An IMF team led by Ben Kelmanson visited Chişinău from October 25–November 7 to conduct discussions for the 2017 Article IV consultation and Second Review under the Extended Fund Facility (EFF) and Extended Credit Facility (ECF) arrangements.
The team reached staff-level agreement on policies needed to complete the Second Review under the Program, and had constructive discussions on the 2017 Article IV Consultation. The program remains broadly on-track with all end-June 2017 performance criteria met by significant margins, and many structural benchmarks implemented, although a number with delays. The agreement is subject to approval by IMF Management and Executive Board. Consideration by the Executive Board is tentatively scheduled for late December. The completion of the review will make an additional SDR 15.7 million (about $22 million) available.
Moldova has enjoyed a period of relative economic and financial stability since the last Article IV. Growth returned following the crisis, and is expected to moderate to around 3.5 percent in 2017. Inflation, which peaked at over 13 percent in 2015, decelerated rapidly, but was above target in September 2017 at 7.6 percent, driven largely by supply side shocks. Fiscal outturns have been solid in 2017, buoyed by strong revenue performance; and while capital spending has faced delays, priority social outlays have been maintained. The current account deficit widened to around 6 percent of GDP in the first half of 2017, but against robust inflows, the leu appreciated by 10.9 percent (yoy) vis-à-vis the U.S. dollar, while gross reserves rose to 2,629 million U.S. dollars at end-September.
The outlook for Moldova is favorable. Over the medium term, the economy is projected to grow close to 4 percent, held back by demographic factors. In the coming years, effective financial intermediation—facilitated by decisive financial sector cleansing—will be a key domestic growth factor, while sustained recovery of external demand in key trading partners will underpin export growth. On the back of current fiscal policies, Moldova’s risk of debt distress remains low, with overall public debt dynamics sustainable.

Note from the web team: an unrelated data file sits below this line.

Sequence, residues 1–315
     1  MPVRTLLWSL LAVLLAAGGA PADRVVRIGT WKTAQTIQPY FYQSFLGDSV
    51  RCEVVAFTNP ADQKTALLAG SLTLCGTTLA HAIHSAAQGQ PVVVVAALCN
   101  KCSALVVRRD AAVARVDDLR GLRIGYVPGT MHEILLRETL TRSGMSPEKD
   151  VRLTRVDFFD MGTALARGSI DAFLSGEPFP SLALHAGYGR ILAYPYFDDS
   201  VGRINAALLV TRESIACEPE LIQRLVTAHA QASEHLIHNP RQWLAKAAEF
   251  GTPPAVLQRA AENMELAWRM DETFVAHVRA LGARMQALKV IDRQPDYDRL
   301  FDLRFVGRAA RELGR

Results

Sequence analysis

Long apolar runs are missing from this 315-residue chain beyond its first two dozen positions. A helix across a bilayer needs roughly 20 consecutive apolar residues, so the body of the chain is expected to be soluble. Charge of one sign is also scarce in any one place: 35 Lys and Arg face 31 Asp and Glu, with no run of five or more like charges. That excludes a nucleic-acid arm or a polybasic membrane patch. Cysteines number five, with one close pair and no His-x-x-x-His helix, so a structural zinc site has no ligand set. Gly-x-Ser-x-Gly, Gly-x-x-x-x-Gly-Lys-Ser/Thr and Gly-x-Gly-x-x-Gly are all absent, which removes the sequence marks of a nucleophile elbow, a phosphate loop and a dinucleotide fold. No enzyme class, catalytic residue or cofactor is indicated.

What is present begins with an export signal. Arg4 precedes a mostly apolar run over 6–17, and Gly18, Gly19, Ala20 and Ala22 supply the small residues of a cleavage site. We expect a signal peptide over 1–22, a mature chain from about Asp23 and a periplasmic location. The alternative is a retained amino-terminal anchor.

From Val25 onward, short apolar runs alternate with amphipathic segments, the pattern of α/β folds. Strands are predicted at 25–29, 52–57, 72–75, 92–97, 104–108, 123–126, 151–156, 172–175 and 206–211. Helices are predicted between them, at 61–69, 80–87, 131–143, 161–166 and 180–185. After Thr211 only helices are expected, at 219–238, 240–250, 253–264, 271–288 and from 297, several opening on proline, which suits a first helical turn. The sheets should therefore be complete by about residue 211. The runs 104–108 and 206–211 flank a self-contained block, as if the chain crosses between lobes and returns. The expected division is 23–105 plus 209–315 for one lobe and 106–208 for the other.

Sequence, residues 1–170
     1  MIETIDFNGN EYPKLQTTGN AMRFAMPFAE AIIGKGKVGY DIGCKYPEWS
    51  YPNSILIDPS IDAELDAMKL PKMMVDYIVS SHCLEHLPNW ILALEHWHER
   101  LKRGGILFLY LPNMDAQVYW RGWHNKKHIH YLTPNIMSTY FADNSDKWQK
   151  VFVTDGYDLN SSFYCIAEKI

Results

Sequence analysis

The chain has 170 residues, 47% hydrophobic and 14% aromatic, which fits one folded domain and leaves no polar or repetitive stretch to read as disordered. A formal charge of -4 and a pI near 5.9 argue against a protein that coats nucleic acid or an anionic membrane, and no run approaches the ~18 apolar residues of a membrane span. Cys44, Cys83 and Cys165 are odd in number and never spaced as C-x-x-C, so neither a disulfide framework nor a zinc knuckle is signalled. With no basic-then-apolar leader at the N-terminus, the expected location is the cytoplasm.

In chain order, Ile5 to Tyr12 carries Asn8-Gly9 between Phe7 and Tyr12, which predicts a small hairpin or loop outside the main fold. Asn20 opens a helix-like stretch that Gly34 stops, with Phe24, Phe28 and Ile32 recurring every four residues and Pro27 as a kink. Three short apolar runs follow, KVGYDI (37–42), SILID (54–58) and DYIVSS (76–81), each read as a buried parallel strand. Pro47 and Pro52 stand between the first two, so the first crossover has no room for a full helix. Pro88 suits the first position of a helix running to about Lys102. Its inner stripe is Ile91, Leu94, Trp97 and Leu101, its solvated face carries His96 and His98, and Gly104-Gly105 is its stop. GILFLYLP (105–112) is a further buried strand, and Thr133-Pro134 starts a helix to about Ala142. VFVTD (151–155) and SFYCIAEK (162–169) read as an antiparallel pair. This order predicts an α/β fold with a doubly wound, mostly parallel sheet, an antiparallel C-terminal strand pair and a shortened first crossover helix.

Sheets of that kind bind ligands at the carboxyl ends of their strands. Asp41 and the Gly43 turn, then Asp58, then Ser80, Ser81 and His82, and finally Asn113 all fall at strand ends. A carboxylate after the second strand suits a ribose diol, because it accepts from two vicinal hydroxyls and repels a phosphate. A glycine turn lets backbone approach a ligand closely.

However, significant risks remain. These include: political uncertainty given the upcoming parliamentary elections, macro-financial risks related to delays in decisively cleansing the financial sector, and risks to raising the sustainable growth rate stemming from the challenge of maintaining reform momentum for an extended period.
Continued prudent macroeconomic and financial policies are key to ensure sustainable growth:
- Fiscal policy is on track to meet program commitments. The 2017 Budget amendment and 2018 Budget appropriately allow for higher public investment and social spending. However, over the medium term, budget should focus on boosting revenues, improving spending efficiency, especially for investment, and strengthening the fiscal framework.
- Monetary policy . Inflation is projected to decelerate quickly in 2018. Following an extended loosening cycle, policy makers should stand ready to change the stance as the inflation outlook evolves. Efforts to further strengthen the monetary policy framework by enhancing internal processes, better coordinating with other bodies, and deepening communications are welcome.
- Financial stability has been maintained. Wide ranging efforts to cleanse the sector are proceeding, though with delay, including improving shareholder transparency and bank diagnostics. It is now important to accelerate these efforts. Priorities include: transfer of bank ownership and control to fit and proper shareholders, follow-up on bank diagnostics, and ensuring the integrity of legal records in the newly-created securities depository, and further strengthening regulatory and supervisory frameworks.
The momentum for reform must be sustained to accelerate growth and reduce poverty. Although Moldova has experienced moderate growth over the past two decades, its per capita income lags European neighbors. A comprehensive approach is needed to improve growth outcomes, including: reforming the public sector, strengthening the rule of law, improving investment in public infrastructure and human capital, and regulatory and institutional reform. In the energy sector transparency, accountability and cost recovery should be preserved. In addition, efforts to address the shadow economy are welcome and can boost, not just tax revenues, but also labor supply. Relatedly, education reform is key to building the human capital needed to support future growth. Determined pursuit of this agenda, along with effective implementation, is vital.
The team met with Prime Minister Pavel Filip, Deputy Prime Minister Octavian Calmac, Minister of Finance Octavian Armasu, Minister of Justice Vladimir Cebotari, Central Bank Governor Sergiu Cioclea, along with other senior government officials, representatives of civil society, the business sector, and the international community. The mission thanks the authorities and other interlocutors for their cooperation and generous hospitality.
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